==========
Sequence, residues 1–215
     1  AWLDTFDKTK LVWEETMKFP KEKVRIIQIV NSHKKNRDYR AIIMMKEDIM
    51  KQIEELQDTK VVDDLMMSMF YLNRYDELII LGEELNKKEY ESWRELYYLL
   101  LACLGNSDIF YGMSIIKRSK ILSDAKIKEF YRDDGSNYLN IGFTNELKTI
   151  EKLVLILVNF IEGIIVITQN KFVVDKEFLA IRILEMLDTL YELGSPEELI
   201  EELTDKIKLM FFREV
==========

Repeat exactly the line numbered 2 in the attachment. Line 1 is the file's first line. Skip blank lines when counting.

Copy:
     1  AWLDTFDKTK LVWEETMKFP KEKVRIIQIV NSHKKNRDYR AIIMMKEDIM